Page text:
State v. Pisio, 119 N.M. 252, 889 P.2d 860 (1994)

Nov. 23, 1994 · Court of Appeals of New Mexico · No. 14768
119 N.M. 252, 889 P.2d 860

889 P.2d 860

STATE of New Mexico, Plaintiff-Appellee, v. Johnny PISIO, Defendant-Appellant.

No. 14768.

Court of Appeals of New Mexico.

Nov. 23, 1994.

Certiorari Denied Jan. 5, 1995. ■

*255Tom Udall, Atty. Gen., Daniel F. Haft, Asst. Atty. Gen., Santa Fe, for plaintiff-appellee.

Sammy J. Quintana, Chief Public Defender, David Henderson, Asst. Appellate Defender, Santa Fe, for defendant-appellant.


MINZNER, Chief Judge.

Defendant appeals his convictions for two counts of second-degree criminal sexual penetration (criminal sexual penetration committed during a felony) (CSP II, felony), and one count each of kidnapping, assault with intent to commit a violent felony, and criminal sexual contact (CSC). In his briefs Defendant argued that the trial court committed reversible error (1) by failing to suppress a question he asked police followmg his request for assistance of counsel; and (2) in faihng to instruct the jury (a) on false imprisonment as a lesser-included offense of kidnapping; (b) on third-degree criminal sexual penetration (CSP III) as a lesser-included offense of CSP II, felony; and (c) on assault as a lesser-included offense of assault with intent to commit a violent felony. Issues raised in the docketing statement but not briefed are deemed abandoned. State v. Ramos, 115 N.M. 718, 720, 858 P.2d 94, 96 (Ct.App.), cert. denied, 115 N.M. 602, 856 P.2d 250 (1993).

We granted Defendant’s motion prior to oral argument to argue the effect of State v. Brooks, 117 N.M. 751, 877 P.2d 557 (1994), decided after his appeal had been fully briefed. In his motion and at oral argument, Defendant urged us to hold that fundamental error resulted from the lack of adequate jury instruction or instructions on the issue(s) of whether the facts supported his convictions of five separate criminal offenses. We reverse Defendant’s conviction for kidnapping on the ground that on the facts of this case, double jeopardy principles preclude a conviction for kidnapping in addition to convictions for CSP II, felony. We affirm the other convictions. We remand for resentencing and entry of an amended judgment.


Victim testified to an incident that occurred while she was moving out of a residential alcohol treatment center on February 29, 1992, the day before her graduation from the program. Defendant neither testified nor presented evidence. The following factual background paraphrases Victim’s testimony.

Victim met Defendant about three weeks earlier when he entered the program and moved into apartment 124A; Victim resided in 124C. Although they became friends and visited in each other’s apartments, they were not romantically or intimately acquainted.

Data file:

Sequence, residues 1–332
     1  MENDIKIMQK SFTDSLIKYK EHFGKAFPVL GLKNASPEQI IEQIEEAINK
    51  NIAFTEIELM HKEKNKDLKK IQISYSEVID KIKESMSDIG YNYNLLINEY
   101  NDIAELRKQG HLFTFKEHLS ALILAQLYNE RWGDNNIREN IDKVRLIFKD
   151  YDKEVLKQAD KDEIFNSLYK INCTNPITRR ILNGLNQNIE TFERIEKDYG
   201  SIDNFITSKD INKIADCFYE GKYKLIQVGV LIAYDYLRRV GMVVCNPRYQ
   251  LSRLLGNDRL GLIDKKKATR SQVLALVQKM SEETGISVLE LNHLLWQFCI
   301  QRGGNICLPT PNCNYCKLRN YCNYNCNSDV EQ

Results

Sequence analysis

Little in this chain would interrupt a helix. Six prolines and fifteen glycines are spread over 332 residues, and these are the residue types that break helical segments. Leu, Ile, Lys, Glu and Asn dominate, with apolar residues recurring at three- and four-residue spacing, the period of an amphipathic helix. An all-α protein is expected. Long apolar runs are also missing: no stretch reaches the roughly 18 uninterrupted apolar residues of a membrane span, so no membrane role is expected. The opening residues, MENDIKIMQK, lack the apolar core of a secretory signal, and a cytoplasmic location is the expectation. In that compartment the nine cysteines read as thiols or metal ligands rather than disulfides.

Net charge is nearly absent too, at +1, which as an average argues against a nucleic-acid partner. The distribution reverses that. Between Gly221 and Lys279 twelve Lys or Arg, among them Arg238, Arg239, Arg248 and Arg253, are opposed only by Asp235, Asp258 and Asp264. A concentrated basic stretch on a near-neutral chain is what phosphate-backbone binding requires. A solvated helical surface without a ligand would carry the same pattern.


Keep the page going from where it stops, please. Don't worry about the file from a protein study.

Sometime after 4:30 p.m., February 29, Victim gave Defendant a ride to a bar across town to repay a debt. Upon their return, Defendant went to Victim’s apartment to give her his phone number; there, he offered to carry things to the car for her. She declined. However, to get from her apartment to her ear, Victim had to pass Defendant’s apartment. After she had made several trips to her car, Defendant came out of his apartment and helped carry the rest of her belongings.

On the last trip, Defendant carried Victim’s bag to his apartment and asked her to come inside for a minute. She did so. He closed and locked the door, told Victim to sit down, and said that he wanted to give her a kiss. She thanked him, but said she was not interested. Defendant then moved closer to Victim on the couch. Victim tried to get up to go out the door or move toward the door, but Defendant was blocking her way. She moved to another couch. Defendant then squeezed between Victim and the couch arm and attempted to kiss her. She yelled at him, said that she did not understand his *256behavior, and told him that she wanted to leave. He clamped his hand over her mouth and tried to turn her toward him for a kiss. She resisted. They struggled to the floor.

On the floor Defendant straddled Victim around her waist and tried to pin her arms down. She managed to pull herself over to the opposite couch and grab the leg in an attempt to pull away, but he pulled her back by the throat with the crook of his arm and dragged her toward a hall, which led to two bedrooms and a bathroom.

When Victim continued to refuse to kiss him, Defendant began sucking her breast, pulled down her shorts and underwear, performed oral sex for about a minute, tried to kiss her again, resumed oral sex for a little longer, then penetrated Victim vaginally with his penis. At this point, approximately five minutes had passed since Victim entered Defendant’s apartment. Defendant told Victim to wipe herself, insisted that she go into his bedroom and get some rags to do so, and told her to dress.

When she refused to go in the bedroom, Defendant tried to force her, but she held onto the bathroom door frame. Defendant explained that he was afraid she would leave while he was in the bedroom. She told him that she would stand in the bathroom doorway where he could see her.